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The Economic Effects of the Protestant Reformation: Testing the Weber Hypothesis in the German Lands

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  • Davide Cantoni

Abstract

Many theories, most famously Max Webers essay on the Protestant ethic, have hypothesized that Protestantism should have favored economic development. With their considerable religious heterogeneity and stability of denominational affiliations until the 19th century, the German Lands of the Holy Roman Empire present an ideal testing ground for this hypothesis. Using population figures in a dataset comprising 272 cities in the years 13001900, I find no effects of Protestantism on economic growth. The finding is robust to the inclusion of a variety of controls, and does not appear to depend on data selection or small sample size. In addition, Protestantism has no effect when interacted with other likely determinants of economic development. I also analyze the endogeneity of religious choice; instrumental variables estimates of the effects of Protestantism are similar to the OLS results.

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Bibliographic Info

Paper provided by Barcelona Graduate School of Economics in its series Working Papers with number 524.

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Date of creation: Dec 2010
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Handle: RePEc:bge:wpaper:524

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Keywords: Protestantism; Culture; Economic Growth; Historical Development; Germany;

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  1. Rubin, Jared, 2011. "Printing and Protestants: reforming the economics of the Reformation," MPRA Paper 31267, University Library of Munich, Germany.
  2. Murat Iyigun, 2008. "Luther and Suleyman," The Quarterly Journal of Economics, MIT Press, MIT Press, vol. 123(4), pages 1465-1494, November.
  3. Sascha O. Becker & Ludger Woessmann, 2007. "Was Weber Wrong? A Human Capital Theory of Protestant Economic History," CESifo Working Paper Series 1987, CESifo Group Munich.
  4. Acemoglu, Daron & Cantoni, Davide & Johnson, Simon & Robinson, James A, 2009. "The Consequences of Radical Reform: The French Revolution," CEPR Discussion Papers, C.E.P.R. Discussion Papers 7245, C.E.P.R. Discussion Papers.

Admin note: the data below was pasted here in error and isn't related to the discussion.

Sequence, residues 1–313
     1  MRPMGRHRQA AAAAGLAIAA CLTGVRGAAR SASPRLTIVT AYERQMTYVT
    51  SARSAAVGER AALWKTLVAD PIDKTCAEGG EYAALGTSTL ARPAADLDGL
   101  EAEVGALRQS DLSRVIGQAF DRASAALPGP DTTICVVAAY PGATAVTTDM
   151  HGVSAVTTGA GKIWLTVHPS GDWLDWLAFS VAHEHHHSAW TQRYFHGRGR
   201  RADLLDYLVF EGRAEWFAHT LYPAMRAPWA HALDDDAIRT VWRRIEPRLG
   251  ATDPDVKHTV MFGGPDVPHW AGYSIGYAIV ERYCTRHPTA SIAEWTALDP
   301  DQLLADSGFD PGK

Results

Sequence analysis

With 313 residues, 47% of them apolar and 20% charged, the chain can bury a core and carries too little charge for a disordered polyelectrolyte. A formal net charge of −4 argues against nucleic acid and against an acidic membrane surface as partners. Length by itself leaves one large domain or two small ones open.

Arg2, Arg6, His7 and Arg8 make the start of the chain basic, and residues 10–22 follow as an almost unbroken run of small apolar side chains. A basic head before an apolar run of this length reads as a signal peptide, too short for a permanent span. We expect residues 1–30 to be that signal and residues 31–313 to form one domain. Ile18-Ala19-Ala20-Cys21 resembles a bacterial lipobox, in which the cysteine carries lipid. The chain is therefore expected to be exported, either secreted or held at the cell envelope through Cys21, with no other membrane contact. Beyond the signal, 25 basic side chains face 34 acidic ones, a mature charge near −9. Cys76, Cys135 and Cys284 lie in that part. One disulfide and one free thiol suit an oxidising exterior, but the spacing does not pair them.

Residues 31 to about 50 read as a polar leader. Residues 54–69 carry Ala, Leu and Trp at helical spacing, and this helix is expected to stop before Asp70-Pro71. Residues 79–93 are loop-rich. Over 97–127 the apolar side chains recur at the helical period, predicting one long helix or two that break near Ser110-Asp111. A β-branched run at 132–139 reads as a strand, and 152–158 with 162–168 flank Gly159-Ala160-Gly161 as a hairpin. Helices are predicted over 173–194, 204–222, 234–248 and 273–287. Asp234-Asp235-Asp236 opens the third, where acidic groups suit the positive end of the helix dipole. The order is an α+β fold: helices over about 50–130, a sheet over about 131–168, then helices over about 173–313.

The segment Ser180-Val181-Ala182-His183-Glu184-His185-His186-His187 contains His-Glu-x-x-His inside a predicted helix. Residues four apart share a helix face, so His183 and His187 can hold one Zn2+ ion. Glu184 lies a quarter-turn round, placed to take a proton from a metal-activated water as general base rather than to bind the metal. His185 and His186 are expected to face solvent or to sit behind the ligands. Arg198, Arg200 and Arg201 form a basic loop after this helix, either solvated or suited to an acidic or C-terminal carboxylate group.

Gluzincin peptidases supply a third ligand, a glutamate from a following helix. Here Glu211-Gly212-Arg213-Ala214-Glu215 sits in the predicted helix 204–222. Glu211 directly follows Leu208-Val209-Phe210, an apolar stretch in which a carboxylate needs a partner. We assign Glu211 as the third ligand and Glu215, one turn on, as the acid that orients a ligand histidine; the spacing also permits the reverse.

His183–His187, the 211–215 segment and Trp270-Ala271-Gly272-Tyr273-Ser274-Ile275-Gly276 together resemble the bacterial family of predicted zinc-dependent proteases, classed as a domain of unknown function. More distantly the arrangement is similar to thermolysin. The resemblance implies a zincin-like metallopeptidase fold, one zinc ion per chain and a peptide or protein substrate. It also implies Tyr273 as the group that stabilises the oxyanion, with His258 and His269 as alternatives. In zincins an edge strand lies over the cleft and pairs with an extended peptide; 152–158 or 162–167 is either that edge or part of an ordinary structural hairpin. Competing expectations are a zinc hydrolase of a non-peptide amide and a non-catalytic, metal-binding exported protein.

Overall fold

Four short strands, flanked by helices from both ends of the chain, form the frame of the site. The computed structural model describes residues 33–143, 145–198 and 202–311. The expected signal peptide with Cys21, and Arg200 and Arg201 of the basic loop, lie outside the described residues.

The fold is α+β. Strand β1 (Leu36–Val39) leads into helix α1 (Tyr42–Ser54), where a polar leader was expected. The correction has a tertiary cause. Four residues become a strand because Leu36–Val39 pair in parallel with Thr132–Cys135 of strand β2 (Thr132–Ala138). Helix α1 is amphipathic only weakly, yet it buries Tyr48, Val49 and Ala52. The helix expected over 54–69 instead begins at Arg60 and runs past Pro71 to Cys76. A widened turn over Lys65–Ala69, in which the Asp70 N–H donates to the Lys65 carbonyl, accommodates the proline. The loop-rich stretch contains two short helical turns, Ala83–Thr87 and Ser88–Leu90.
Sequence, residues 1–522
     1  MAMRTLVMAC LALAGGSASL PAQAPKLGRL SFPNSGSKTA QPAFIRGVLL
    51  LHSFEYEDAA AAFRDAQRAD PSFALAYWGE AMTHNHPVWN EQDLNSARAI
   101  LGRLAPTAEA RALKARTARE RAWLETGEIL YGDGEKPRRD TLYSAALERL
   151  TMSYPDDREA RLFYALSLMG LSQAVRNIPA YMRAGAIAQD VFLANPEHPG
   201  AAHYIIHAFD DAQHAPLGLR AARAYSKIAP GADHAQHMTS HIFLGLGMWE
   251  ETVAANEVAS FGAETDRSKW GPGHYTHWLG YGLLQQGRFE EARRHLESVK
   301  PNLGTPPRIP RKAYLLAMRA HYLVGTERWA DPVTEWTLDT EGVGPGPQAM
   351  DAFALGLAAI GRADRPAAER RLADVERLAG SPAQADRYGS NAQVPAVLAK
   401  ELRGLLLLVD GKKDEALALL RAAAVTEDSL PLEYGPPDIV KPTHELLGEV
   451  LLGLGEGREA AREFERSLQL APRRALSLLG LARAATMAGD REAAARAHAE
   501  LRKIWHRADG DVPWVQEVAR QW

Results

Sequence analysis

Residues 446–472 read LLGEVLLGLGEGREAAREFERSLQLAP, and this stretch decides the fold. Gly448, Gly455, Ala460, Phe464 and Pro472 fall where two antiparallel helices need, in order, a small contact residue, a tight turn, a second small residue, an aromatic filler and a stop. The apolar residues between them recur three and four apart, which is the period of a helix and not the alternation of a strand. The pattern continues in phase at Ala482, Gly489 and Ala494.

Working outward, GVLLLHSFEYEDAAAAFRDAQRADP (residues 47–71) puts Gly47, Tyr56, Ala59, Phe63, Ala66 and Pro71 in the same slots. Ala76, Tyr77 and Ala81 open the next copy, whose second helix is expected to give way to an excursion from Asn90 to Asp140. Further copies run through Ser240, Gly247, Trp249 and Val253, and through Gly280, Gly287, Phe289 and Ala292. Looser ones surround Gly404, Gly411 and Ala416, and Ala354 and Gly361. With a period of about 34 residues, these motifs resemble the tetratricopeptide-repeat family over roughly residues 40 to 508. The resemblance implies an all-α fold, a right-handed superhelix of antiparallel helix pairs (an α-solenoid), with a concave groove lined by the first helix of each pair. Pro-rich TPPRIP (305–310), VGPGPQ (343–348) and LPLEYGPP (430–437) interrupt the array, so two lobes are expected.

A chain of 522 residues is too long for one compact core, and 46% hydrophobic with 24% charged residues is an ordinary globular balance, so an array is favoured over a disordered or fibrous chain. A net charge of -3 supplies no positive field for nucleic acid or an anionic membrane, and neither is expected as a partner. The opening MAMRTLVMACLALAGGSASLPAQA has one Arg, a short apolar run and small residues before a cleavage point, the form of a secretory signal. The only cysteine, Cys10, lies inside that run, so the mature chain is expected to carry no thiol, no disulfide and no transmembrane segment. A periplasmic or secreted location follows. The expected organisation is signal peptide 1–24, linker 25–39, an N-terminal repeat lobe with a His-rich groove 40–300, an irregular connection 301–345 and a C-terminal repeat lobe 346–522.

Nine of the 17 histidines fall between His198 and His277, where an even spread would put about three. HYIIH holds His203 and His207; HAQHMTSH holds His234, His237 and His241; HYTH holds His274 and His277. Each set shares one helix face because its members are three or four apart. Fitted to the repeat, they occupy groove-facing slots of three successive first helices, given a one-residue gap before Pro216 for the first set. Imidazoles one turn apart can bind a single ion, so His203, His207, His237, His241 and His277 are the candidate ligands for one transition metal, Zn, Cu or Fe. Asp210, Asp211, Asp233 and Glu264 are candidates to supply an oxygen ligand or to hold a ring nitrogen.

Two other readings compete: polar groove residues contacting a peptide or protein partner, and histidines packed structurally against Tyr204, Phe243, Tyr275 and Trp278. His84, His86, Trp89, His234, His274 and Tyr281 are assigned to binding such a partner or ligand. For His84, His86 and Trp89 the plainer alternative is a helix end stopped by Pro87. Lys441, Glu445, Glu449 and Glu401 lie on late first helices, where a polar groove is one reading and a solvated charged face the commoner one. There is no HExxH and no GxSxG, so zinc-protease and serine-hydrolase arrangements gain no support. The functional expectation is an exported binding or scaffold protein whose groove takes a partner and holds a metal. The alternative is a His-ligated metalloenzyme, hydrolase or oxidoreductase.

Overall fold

5. Botticini, Maristella & Eckstein, Zvi, 2005. "Jewish Occupational Selection: Education, Restrictions, or Minorities?," The Journal of Economic History, Cambridge University Press, Cambridge University Press, vol. 65(04), pages 922-948, December.
  6. Grier, Robin, 1997. "The Effect of Religion on Economic Development: A Cross National Study of Sixty-three Former Colonies," Kyklos, Wiley Blackwell, Wiley Blackwell, vol. 50(1), pages 47-62.
  7. Spenkuch, Jörg L., 2010. "The Protestant Ethic and Work: Micro Evidence from Contemporary Germany," MPRA Paper 26444, University Library of Munich, Germany.
  8. Oded_Galor, 2004. "From Stagnation to Growth:Unified Growth Theory," Working Papers 2004-15, Brown University, Department of Economics.
  9. Sascha O. Becker & Erik Hornung & Ludger Woessmann, 2011. "Education and Catch-Up in the Industrial Revolution," American Economic Journal: Macroeconomics, American Economic Association, American Economic Association, vol. 3(3), pages 92-126, July.
  10. Robert B. Ekelund, Jr. & Robert F. Hebert & Robert D. Tollison, 2002. "An Economic Analysis of the Protestant Reformation," Journal of Political Economy, University of Chicago Press, University of Chicago Press, vol. 110(3), pages 646-671, June.
  11. BLUM, Ulrich & DUDLEY, Leonard, 2001. "Religion and Economic Growth: Was Weber Right?," Cahiers de recherche, Universite de Montreal, Departement de sciences economiques 2001-05, Universite de Montreal, Departement de sciences economiques.
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  1. Protestantism and economic growth
    by Economic Logician in Economic Logic on 2013-04-22 14:46:00
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